Like many similar utilities, Bowtie’s small window contains buttons—Previous, Play, Pause, Next—for controlling playback. (Bowtie also offers customizable keyboard shortcuts for those functions, as well as for changing the volume, increasing or decreasing track ratings, and, for Last.fm users, for loving or banning tracks.) You can choose to have this window—the “Bowlet”—stay visible at all times or behave like a normal window.
What distinguises Bowtie from some of the other iTunes controllers is that it’s skinnable. There are dozens of free themes for Bowtie, which let you choose what you want the Bowlet to look like and the controls that it contains. Some of these themes show album art, others merely text; some are tiny, others large; some have animations (for example, spinning “vinyl” records), while others have “scrubbing” progress bars for quickly moving to a different position in a track. All of these themes can be downloaded from within the application and applied with a click. These themes are nice if you opt to keep the Bowlet window visible at all times, although in an attempt to conserve screen space, many are too small to be practical.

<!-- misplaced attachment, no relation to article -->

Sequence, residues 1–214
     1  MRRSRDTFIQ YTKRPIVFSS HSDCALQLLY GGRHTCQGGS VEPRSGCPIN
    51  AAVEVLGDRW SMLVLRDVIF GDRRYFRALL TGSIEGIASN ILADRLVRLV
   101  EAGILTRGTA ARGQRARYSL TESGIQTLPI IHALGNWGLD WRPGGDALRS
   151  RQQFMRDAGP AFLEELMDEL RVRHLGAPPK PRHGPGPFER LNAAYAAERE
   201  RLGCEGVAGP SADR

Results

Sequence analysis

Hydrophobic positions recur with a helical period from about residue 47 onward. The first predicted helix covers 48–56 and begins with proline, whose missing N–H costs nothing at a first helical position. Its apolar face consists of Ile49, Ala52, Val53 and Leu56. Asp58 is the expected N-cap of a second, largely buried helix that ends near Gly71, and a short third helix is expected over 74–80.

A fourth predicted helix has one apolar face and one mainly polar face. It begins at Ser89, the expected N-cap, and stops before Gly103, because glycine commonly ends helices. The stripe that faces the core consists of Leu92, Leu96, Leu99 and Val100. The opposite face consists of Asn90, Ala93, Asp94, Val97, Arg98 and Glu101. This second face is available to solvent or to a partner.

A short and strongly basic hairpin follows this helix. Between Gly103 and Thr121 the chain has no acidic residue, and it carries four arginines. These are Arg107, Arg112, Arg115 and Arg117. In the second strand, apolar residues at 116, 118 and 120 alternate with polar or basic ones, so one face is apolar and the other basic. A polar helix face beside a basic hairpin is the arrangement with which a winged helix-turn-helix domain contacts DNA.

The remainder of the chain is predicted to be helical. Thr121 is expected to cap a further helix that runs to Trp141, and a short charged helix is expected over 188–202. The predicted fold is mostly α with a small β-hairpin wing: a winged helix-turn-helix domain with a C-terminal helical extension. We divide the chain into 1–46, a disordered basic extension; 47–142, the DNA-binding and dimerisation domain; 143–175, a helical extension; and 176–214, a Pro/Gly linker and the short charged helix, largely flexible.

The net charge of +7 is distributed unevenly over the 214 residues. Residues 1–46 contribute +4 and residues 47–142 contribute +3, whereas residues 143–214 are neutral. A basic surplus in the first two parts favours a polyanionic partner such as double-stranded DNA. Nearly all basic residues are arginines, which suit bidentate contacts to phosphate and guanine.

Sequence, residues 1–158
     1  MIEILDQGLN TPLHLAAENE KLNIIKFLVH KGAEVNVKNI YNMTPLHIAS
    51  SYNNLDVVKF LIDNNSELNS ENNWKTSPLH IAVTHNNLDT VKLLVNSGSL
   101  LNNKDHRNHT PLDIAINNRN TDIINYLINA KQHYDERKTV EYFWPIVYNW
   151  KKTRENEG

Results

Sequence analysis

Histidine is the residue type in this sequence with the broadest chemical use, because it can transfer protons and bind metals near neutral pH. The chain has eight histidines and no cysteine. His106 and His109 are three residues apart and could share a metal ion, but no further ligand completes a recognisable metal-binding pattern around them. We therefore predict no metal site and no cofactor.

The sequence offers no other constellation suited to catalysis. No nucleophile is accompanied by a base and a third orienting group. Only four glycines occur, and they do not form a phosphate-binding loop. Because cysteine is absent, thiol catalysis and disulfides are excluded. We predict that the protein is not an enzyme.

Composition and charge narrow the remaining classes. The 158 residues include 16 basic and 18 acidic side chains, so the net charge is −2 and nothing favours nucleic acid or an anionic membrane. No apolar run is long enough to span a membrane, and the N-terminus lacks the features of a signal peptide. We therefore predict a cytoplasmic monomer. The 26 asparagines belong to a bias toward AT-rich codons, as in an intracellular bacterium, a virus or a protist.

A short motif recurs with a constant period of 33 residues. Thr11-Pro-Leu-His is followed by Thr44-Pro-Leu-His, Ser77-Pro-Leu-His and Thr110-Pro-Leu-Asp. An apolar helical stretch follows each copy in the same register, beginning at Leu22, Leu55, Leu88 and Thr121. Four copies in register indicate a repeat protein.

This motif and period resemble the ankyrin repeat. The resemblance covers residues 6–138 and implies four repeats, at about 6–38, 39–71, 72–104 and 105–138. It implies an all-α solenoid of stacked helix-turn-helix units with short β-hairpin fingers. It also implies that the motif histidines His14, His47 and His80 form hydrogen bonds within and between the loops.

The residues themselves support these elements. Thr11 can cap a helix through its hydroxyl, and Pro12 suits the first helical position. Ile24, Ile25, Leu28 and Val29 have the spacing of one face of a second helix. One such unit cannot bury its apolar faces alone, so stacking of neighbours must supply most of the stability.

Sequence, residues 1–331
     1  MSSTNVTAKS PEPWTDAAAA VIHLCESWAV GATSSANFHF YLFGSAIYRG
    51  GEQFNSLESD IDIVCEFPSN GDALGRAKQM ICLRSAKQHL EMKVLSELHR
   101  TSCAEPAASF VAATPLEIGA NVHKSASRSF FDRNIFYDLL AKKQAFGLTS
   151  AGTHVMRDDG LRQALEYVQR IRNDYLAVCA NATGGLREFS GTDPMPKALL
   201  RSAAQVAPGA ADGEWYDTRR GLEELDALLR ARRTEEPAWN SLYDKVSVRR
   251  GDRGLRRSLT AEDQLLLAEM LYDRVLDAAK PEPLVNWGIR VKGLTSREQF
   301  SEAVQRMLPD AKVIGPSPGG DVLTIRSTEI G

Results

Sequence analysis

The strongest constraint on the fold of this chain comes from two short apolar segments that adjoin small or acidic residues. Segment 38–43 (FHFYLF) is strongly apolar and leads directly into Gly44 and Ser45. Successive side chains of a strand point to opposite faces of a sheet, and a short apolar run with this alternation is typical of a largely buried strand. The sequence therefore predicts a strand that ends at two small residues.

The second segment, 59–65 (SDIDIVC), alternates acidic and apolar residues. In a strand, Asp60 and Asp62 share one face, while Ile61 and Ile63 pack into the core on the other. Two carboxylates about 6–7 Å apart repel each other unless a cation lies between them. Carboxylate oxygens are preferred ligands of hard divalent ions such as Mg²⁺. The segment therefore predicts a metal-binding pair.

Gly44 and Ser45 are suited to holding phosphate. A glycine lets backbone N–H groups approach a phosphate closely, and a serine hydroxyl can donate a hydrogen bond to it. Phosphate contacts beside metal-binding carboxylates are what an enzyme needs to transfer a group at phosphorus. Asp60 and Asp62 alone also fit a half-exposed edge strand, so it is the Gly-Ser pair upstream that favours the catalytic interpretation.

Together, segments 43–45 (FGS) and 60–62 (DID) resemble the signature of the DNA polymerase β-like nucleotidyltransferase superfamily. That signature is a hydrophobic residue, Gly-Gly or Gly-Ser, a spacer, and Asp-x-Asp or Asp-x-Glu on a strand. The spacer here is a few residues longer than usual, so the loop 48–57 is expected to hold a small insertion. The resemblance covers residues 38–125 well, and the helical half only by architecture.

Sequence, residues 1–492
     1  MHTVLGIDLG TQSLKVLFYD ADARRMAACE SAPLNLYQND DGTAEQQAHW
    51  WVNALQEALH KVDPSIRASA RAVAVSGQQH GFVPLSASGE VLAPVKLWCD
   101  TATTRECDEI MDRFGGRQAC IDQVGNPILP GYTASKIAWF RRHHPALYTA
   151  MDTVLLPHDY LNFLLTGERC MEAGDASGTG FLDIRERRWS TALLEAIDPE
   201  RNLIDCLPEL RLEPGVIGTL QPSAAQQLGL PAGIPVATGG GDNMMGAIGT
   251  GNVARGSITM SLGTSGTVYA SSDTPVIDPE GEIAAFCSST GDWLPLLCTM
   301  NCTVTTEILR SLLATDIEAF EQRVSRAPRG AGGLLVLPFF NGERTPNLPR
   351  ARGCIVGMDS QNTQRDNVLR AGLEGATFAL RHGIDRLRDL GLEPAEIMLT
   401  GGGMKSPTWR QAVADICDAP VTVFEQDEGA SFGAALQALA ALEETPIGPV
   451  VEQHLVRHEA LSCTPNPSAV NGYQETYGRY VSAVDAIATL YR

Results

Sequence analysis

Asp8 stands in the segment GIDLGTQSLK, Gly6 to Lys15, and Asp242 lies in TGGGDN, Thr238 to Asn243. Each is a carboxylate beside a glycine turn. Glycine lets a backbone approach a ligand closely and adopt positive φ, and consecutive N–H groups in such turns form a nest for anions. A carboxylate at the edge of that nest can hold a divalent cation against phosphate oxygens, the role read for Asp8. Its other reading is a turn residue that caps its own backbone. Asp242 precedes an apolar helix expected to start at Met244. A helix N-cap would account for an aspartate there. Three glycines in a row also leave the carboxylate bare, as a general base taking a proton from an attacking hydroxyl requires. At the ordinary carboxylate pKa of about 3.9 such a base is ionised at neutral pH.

The developer also offers a $1 iOS app that lets you control music playback on an iOS device from your Mac. It’s the opposite, in functionality, of Apple’s Remote app, and it can be useful if you’ve got your iPhone in a docking speaker system across the room while you’re sitting in front of your Mac. The downside is that the remote-app’s features are limited to Previous, Play, Pause, and Next.
Bowtie is a good tool for controlling iTunes playback from the keyboard, and the many themes for its visual controllers add appeal. It might not provide as many features as, say, CoverSutra, which provides cover art, detailed track information, and more options in a single floating controller. But Bowtie’s price is right. If you want a simple, free tool to control your music, Bowtie will do the trick.